Oil on cotton 102x76cm. 2007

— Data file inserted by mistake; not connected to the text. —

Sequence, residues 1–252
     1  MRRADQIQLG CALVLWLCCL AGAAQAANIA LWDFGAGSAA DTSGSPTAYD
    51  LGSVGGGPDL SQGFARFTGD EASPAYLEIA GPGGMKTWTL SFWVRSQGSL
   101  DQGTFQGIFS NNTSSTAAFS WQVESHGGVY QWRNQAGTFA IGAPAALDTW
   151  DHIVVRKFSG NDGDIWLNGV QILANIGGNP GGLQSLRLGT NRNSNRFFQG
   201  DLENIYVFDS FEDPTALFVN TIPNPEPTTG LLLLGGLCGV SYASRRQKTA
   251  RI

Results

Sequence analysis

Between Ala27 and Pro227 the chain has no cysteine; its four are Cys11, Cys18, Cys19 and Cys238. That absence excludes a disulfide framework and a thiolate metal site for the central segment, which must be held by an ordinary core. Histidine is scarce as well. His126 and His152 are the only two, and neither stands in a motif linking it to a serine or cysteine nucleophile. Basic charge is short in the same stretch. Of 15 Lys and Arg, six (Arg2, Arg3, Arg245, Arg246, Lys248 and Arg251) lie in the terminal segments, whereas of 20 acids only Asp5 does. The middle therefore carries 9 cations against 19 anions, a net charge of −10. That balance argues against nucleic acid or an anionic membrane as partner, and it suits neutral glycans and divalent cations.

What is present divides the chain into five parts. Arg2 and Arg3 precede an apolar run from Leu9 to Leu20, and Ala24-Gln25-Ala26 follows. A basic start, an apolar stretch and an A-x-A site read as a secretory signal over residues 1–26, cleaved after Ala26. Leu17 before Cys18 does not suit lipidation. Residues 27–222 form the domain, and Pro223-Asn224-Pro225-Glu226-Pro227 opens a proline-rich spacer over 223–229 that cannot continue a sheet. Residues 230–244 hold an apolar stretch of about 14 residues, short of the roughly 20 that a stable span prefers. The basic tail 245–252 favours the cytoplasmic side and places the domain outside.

Many of the novels of Hermann Hesse are built around psychological examinations of human nature, especially its contradictory elements. In "Steppenwolf" for example, he treats us to the examination of our wild side as expressed by the "wolf of the plains". I last re-read Narciss and Goldmund more than twenty years ago and time has blunted the specifics, but the central characters are the worldly Goldmund, who has his adventures, travels, romances out in the world, but periodically is compelled to return to his lifelong friend, Narciss for refreshment of his spirit. Narciss is a monk in a remote monastery whose life is one of severe asceticism. They are two sides of the one coin, opposites, yet conjoined. Hesse acknowledges our own contradictory nature. My painting treats the worldly Goldmund as a dark silhouette facing into a bright plain with a hill on the horizon, the sky is still bright, but evening approaches, so impending darkness bodes. Above, Narciss is depicted beneath the imposing shadow of a church building, in the gloom of pre-dawn, his monk's cowl shielding him from the chill air; he is in procession from night prayer with other cowled shapes. Though the sky is dark, there is the anticipation of daybreak. To the left of this panel is a much larger square of flat, deep green, below which sits a similarly-sized square of deep slatey blue/grey.